At the same time Polanski is weary of asserting individualism as he presents a coworker/best friend character as the Trelkovsky’s foil. The latter is a man who would be rude when his neighbours complain about him. Trelkovsky doesn’t want to become that person but he gets lumped with his best friend because of ageist prejudices and other reasons. But that’s the same way that first or bad impressions last in others’ and in our own eyes.
I wasn’t sure about Polanski’s performance while watching the movie but I’m starting to like it more and more. He hugs and almost juggles the trash he has produced with his first and only party, taking it down the stairs. He becomes the frazzled man with his screech-y voice eventually snapping at people equally for the smallest reasons and it’s funnier watching that anger coming out from a man with a childlike face. The movie feels sleepy after the forty-five minute mark, going into a cycle of Trelkovsky meeting his girlfriend Stella (Isabelle Adjani), the neighbours complaining and him moping. All of that while waiting for him to come out in drag which…
- Oscar Horrors: Roman Polanski’s Chalky Undertaste (thefilmexperience.net)
Every blogger, website and their grandmothers have already written about the trailer for Roman Polanski’s Carnage. Twitch has uploaded it on Vimeo but the few YouTube versions of it only have less than 2000 hits combined, which needs to be corrected. I like the art direction, blocking and of course, the cast. Christoph Waltz’ sincerity while telling Jodie Foster that his character Alan’s son didn’t disfigure the latter’s, or Foster making us laugh with just one line. As a fan of Kate Winslet, I’m a tad worried about her hamming it up although she gets most of the headlines written about the trailer so far. I’m also glad that Yasmin Reza, who wrote the original play in French, adapted the material herself, making it more vernacular. Which means that English interpreter Christopher Hampton has no hand in this at all. Enjoy!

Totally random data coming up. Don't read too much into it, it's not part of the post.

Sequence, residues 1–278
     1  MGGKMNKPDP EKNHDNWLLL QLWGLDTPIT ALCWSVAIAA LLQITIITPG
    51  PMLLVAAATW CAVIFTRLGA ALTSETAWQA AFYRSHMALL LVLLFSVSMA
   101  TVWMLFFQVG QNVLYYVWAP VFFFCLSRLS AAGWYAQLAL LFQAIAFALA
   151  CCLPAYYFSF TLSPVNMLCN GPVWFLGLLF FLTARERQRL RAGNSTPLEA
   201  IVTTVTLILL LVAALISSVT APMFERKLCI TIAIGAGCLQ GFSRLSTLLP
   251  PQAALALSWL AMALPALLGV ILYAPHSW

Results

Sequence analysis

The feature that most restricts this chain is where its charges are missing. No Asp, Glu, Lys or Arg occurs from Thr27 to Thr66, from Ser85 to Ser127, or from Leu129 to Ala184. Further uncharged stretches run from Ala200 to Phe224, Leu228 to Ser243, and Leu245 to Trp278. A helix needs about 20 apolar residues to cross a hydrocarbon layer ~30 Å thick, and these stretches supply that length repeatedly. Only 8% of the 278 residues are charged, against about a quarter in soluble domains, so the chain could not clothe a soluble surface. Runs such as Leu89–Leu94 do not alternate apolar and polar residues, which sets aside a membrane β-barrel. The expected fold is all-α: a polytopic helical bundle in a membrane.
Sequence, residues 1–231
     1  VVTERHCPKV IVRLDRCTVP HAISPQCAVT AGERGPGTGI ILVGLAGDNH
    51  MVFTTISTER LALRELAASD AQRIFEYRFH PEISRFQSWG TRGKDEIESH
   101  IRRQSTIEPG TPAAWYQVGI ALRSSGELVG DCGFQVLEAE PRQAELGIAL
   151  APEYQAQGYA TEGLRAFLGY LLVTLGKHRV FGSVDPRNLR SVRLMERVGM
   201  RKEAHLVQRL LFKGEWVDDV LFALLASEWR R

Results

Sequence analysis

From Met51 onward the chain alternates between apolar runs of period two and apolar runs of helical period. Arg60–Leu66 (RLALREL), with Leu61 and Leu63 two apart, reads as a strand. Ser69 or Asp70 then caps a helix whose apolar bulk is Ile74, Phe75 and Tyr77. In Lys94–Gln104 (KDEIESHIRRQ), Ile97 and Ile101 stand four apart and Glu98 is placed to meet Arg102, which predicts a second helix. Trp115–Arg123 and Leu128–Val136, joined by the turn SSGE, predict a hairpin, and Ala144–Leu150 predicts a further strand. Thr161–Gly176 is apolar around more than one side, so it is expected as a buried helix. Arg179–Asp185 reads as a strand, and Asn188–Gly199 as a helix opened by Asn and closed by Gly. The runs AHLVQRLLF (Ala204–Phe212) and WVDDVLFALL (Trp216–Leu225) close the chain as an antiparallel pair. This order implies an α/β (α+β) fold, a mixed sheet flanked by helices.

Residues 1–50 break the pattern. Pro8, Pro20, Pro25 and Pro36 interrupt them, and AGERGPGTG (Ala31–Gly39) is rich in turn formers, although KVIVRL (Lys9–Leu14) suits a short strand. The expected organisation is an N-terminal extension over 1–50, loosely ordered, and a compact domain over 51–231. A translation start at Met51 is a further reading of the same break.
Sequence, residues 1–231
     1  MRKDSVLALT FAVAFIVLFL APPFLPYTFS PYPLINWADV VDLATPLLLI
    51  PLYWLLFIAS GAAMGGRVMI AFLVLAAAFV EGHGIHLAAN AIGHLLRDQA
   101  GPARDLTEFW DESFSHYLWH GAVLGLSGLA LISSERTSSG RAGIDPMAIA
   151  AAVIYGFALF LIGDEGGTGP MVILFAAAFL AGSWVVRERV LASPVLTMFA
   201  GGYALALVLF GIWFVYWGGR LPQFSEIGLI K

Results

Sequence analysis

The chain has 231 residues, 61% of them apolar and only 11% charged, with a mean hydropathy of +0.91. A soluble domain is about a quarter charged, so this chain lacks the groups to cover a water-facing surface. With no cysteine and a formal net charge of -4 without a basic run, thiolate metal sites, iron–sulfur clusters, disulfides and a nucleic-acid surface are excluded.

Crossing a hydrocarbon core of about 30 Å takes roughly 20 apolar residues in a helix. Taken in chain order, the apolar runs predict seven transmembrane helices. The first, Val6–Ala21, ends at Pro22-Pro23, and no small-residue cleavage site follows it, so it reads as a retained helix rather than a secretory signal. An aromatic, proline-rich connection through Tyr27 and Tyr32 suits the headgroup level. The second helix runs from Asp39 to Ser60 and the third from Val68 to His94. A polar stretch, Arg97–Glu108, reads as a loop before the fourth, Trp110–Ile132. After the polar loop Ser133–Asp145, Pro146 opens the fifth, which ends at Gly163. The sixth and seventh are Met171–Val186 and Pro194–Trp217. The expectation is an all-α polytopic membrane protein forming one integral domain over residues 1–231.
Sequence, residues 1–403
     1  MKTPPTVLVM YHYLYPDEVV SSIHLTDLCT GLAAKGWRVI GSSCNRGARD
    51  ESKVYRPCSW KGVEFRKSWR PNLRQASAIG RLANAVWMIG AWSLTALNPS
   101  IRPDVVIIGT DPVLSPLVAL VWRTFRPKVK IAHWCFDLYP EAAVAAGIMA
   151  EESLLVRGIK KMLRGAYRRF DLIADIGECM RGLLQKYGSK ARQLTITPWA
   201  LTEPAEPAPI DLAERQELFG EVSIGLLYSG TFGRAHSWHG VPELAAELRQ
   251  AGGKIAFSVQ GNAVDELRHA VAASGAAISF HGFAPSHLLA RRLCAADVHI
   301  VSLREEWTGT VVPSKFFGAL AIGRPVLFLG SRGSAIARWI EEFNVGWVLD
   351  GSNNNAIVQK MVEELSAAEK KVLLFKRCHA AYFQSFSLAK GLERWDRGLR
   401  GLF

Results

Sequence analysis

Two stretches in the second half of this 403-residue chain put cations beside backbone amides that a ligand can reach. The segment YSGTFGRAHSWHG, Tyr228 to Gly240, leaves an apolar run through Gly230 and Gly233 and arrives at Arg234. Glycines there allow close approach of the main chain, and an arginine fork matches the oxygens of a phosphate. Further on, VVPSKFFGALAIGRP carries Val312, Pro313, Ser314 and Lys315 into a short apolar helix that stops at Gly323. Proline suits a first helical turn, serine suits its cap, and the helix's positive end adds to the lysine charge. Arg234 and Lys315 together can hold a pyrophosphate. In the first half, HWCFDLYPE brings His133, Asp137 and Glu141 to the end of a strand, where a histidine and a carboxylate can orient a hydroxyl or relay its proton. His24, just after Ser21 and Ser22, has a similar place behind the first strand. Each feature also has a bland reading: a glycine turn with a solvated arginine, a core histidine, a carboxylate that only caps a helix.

Well the links lead from me to me. Let me begin with the new character posters for Steven Soderbergh‘s Contagion, which I talked about for Nathaniel R’s The Film Experience. Blythe Danner has seen her daughter’s poster, apparently. The comments went beautifully, as people remembered the Gwyneth and Winona frenemy situation and surprisingly, Matt Damon‘s poster is competing to be the second favourite along with Laurence Fishburne‘s.
Speaking of Kate Winslet movies, she’s playing the role of She-Hulk in Roman Polanski‘s new film Carnage, a movie I won’t shut up about until its release. I didn’t like the poster, but it’s a surprise hit for the commenters at Anomalous Material, where I’ve also been busy writing news and reviews. I think that John C. Reilly has the best colouring here, while I’m not into Jodie Foster and Christoph Waltz‘ orange so much although yes, there are loathsome orange people out there.
I also reviewed Crazy, Stupid Love at YourKloset, a website that I write for when movies and fashion collide, which thankfully happens often enough for me.